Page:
Posted 14 September 2004 - 10:00 PM
Posted 14 September 2004 - 10:31 PM
Separate her out again until she's completely healed, and watch her after she's released to see if the hen gets after her again. Sometimes I could create a bit more peace by chasing the hen off a few times, but it's hard if they're penned.
Are they penned up or run free? Can she get away from the nasty hen?
Roosters usually pull the feathers of the back of the neck pretty badly, but I've never had one peck at a hen. In my experience, only other hens pecked at hens (as adults). Roosters fight roosters, but "ride" the hens roughly sometimes.
Sorry, georgene. It's hard to make animals "play nice".
Posted 15 September 2004 - 12:19 AM
Posted 15 September 2004 - 01:06 PM
Sometimes it is best not to intervene but to let nature take its course. All you can do it to provide as close as you can to a chickens natural environment...in this case a quiet dark place with a nice grass filled box. Because I free range my chickens, I like to use old tires. Usually they nest under a bush or in a lone place. I place a board on the ground to keep snakes and burrowing varmints from comming up and stuffed with soil and straw..this is just enough room for one hen.
Posted 24 September 2004 - 02:54 AM
They are in a very large area.
Thanks for the help!
Posted 03 October 2004 - 03:19 PM
Well, there's a few things you can try, number one is seperation (however another hen will become low man on the totem pole, and may be brutalised for the sake of her attacker's status) This can work quite well, especially if you want to add to your flock, as you can pick up some pullets to add to a second coup and yard that will invariably become subordinate to the formerly low hen on the pole.
You can try clipping the agressor's beaks, I haven't done that, because the aggressors are usually really good layers, and tend to keep the rest of your flock in line.
If you're not interested in clipping, try culling! The weather *is* changing, and Chicken & dumplings is quite a tasty dish on those cold fall evenings.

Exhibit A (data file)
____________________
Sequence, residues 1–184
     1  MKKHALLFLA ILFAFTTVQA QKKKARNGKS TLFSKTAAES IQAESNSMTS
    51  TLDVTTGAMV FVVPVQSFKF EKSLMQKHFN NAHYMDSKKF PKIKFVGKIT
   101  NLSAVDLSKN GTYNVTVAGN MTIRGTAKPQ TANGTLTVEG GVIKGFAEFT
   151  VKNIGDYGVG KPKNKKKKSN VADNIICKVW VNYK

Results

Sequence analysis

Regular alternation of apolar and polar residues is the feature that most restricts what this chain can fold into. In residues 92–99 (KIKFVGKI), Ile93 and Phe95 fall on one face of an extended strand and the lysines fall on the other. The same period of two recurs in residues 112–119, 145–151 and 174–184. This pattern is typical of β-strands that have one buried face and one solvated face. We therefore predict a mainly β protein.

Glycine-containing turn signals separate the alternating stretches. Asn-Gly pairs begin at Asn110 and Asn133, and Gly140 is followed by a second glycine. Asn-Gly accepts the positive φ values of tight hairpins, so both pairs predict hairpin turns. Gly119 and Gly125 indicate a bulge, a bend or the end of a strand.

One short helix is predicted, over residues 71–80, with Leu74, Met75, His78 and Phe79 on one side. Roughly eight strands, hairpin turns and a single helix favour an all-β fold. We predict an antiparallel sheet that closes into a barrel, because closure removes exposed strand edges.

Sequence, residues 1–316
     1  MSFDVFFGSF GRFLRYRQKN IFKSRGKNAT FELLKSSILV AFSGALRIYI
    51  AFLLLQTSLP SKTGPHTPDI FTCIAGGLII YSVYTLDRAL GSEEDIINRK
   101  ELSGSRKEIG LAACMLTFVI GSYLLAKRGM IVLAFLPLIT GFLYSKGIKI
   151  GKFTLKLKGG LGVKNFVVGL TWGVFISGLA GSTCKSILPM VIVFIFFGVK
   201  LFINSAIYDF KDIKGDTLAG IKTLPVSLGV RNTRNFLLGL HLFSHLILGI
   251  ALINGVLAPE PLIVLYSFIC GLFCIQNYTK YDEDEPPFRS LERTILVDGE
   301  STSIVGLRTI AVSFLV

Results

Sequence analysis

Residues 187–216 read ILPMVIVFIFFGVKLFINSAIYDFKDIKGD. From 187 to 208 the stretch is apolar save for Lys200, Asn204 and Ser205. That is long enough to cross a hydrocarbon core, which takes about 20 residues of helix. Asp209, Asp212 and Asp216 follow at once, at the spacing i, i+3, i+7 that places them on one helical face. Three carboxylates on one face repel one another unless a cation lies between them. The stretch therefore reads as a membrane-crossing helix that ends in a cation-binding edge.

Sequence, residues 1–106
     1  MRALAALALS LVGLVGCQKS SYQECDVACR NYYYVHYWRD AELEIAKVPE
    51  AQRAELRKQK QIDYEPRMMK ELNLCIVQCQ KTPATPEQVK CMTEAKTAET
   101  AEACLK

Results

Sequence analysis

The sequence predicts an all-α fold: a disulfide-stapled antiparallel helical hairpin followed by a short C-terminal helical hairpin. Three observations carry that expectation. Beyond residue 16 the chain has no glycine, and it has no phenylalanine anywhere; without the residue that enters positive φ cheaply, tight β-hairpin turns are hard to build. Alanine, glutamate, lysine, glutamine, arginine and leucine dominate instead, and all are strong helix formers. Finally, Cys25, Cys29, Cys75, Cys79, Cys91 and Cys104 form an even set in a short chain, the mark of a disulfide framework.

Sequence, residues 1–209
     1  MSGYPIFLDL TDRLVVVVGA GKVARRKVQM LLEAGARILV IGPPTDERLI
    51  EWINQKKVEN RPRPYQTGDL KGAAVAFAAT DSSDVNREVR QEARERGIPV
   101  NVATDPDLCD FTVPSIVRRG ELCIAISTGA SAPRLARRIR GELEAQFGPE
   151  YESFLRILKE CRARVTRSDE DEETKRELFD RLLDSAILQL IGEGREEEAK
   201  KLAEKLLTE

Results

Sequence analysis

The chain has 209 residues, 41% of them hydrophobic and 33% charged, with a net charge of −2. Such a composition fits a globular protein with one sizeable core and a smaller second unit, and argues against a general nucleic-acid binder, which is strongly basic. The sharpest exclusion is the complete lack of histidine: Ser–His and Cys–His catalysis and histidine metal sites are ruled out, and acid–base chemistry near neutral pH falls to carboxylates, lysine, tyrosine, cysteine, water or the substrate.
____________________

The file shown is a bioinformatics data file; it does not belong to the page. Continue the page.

I prefer to seperate, and add to the flock. You'll be able to try out different combinations of layer & grains & forage to find the best mix for laying, all the while maintaining a control group (your original flock) that will keep you fryin' eggs until you've prooved a different regimen to be better.
"A human being should be able to change a diaper, plan an invasion, butcher a hog, conn a ship, design a building, write a sonnet, balance accounts, build a wall, set a bone, comfort the dying, take orders, give orders, cooperate, act alone, solve equations, analyze a new problem, pitch manure, program a computer, cook a tasty meal, fight efficiently and die gallantly. Specialization is for insects." Robert Heinlein.
Posted 04 October 2004 - 08:24 PM
Alas, I've read through a few threads and found this to be a forum that suits our country-living lifestyle... just so's you all have a bit of background on us....
We live in NW Washington State, on a small island. We've got four lovely girls ages 18mos to 9 years, a dozen chickens (Rhodies, Wynadotes, Orpingtons, and a New Hampshire) five runner ducks, a Golden Retriever and a
And no, I don't plan on putting anyone in line... I'll just offer help when I can, and ask questions when I'm stumped.
Posted 12 October 2004 - 01:25 AM
I'm wondering how much cider vinegar I would put in a bucket of water?
Well, the hen healed and I let her out. I've checked on her for a few days and there seems to be no fighting.
Another weird thing is that we are getting hardly any eggs this past month and when the hens do lay by the time we go get the eggs (we gather them daily), we find the top of the shell has been pecked so we can't use the egg. What would cause this?
I thought maybe they need calcium so I started throwing them oyster shell but the pecking still hasn't stopped. Is this behavior something that happens when they moult? (sp?)
Posted 12 October 2004 - 06:48 AM
Oyster shell is supposed to help with keeping hard shells on the eggs they lay, but I don't know about keeping the hens from pecking eggs.
Or it could just be that the shorter days are having an effect on the laying. They tend to slow down egg production in the fall and winter. That's why some people put a light in the hen house (on a timer or not).
Hopefully "Henrietta" has learned to avoid the meanie.
Posted 12 October 2004 - 01:32 PM
Reply to this topic
0 user(s) are reading this topic
0 members, 0 guests, 0 anonymous users